Once the adaptation was completed, a polling firm, in collaboration with the research team, used the Computer-Assisted Web Interviewing (CAWI) technique to recruit a stratified random sample of members of a panel. Prospective respondents were sent an online invitation and given 14 days to respond. The website through which CAWI was implemented was compatible with different browsers, operating systems, and screen resolutions, and featured a simple and attractive design with security and support mechanisms (Couper and Bosnjak, 2010; Haer and Meidert, 2013). The invitation to panel members provided information on the objectives of the research, the voluntary nature of their participation, and the confidentiality of their responses. Panel members who elected to participate were provided a respondent-specific link to access the Spanish version of the Grit-S Scale. Responses were collected from February to June of 2016.

Data Analysis

We evaluated the new Spanish version of the Grit-S Scale in two stages. We first computed coefficient alpha for the full scale and the two subscales. Values were interpreted against normative standards and in comparison to values generated in research using the original scale. We then examined the latent structure of the items using confirmatory factor analysis. The a priori model specified two correlated factors corresponding to the item sets identified in Table 1.

We estimated and tested the model using the maximum likelihood estimator as implemented in EQS version 6.3. Although the univariate distributions were approximately normal (see the two rightmost columns in Table 2), Mardia's coefficient indicated a modest departure from multivariate normality. Thus, we used robust estimation and scaled statistics as provided in EQS (Satorra and Bentler, 1988). We evaluated the fit of the model by using two widely-used and well-validated fit indices (Hu and Bentler, 1999). The comparative fit index (CFI; Bentler, 1990) indexes the proportionate improvement in fit of a specified model over a baseline model in which the observed variables are independent; values between 0.90 and 1.00 are expected for measurement models that fit the data well (Hu and Bentler, 1999). The root mean square error of approximation (RMSEA; Steiger and Lind, 1980) indexes degree of misspecification in a model per degree of freedom, with a value of zero indicating perfect fit to the data and values from zero to 0.10 indicating acceptable fit (Browne and Cudeck, 1993). We put 90% confidence intervals on the point estimate, expecting the upper limit to fall below 0.10 for a good-fitting model. As is typical, we report but do not interpret the chi-square approximation associated with individual models. These values are used for comparisons of nested models, for which they are appropriate (Steiger et al., 1985). After evaluating a priori models, we examined values of a model modification index in search of residual covariance unaccounted for by the best-fitting a priori model (Chou and Bentler, 1990).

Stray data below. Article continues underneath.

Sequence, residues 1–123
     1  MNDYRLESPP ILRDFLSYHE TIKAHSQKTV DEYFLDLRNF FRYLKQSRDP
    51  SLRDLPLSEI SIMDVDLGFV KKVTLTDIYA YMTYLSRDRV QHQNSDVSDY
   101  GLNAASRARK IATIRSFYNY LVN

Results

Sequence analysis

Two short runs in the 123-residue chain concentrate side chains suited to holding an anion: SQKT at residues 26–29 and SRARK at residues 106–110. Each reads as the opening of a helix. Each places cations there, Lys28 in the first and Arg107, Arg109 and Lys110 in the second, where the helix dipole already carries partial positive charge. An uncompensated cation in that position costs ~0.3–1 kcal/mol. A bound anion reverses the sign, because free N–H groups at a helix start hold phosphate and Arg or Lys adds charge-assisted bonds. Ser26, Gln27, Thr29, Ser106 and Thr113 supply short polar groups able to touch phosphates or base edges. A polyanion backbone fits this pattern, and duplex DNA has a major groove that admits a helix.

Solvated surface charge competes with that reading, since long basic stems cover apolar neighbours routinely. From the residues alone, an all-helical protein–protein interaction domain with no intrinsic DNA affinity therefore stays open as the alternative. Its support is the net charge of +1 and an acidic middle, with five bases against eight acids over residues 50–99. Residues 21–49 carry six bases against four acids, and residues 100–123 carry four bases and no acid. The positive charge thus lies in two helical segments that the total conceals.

TABLE 2
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Table 2. Correlations between Translated Grit-S Items and Item-Level Descriptive Statistics.

Following evaluation of omnibus fit, we examined parameter estimates, with a particular focus on factor loadings. As with alpha, we interpreted values of loadings with reference to normative standards and in comparison to loadings from similar analyses of the original Grit-S Scale.

Results

Descriptive statistics and correlations between the items are presented in Table 2. The correlations between item 2 and the other items on the perseverance of effort subscale are quite low. Otherwise the correlations range in magnitude from modest to moderate.

Internal consistency estimates for the translated items appear in Table 3. In the top portion of the table are estimates for the current sample. Below these appear representative values of alpha for English-speaking samples who completed the original version of the Grit-S Scale. Looking first to the values for the full set of items, the value of alpha for the current sample is comparable to corresponding values for the comparison samples. Moving to the subscales, the value of alpha for the consistency of interest items is strong and higher than values for three of the four comparison samples. Alpha for the perseverance of effort items is relatively low both in absolute terms and compared to values for the comparison samples, reflecting the low correlations between item 2 and other items in the set (the value of alpha rises to 0.63 if item 2 is omitted). Given the brevity of the subscales, even the low value for the perseverance of effort items is acceptable (i.e., corrected item-total rs range from 0.36 to 0.63 except item 2 = 0.08; Nunnally and Bernstein, 1994). For the full set of items, all corrected item-total rs, including for item 2, are >0.30 and would reduce the value of alpha if deleted.

TABLE 3
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Table 3. Internal Consistency of the Original English and Spanish Versions of the Grit-S Scale.

Results of the omnibus test of the two-factor model of the translated scale are provided in the top portion of Table 4. As with the evaluation of internal consistency, we provide comparison values for English-speaking samples that completed the original version of the scale. The value of CFI falls within the range of acceptable values. The value of RMSEA meets criterion as well, with a point estimates and upper confidence limit below 0.10. Values of these indices are consistent with values for prior analysis of the original version of the scale shown in the lower portion of the table. In terms of omnibus fit, the two-factor measurement model provides an acceptable account of the data.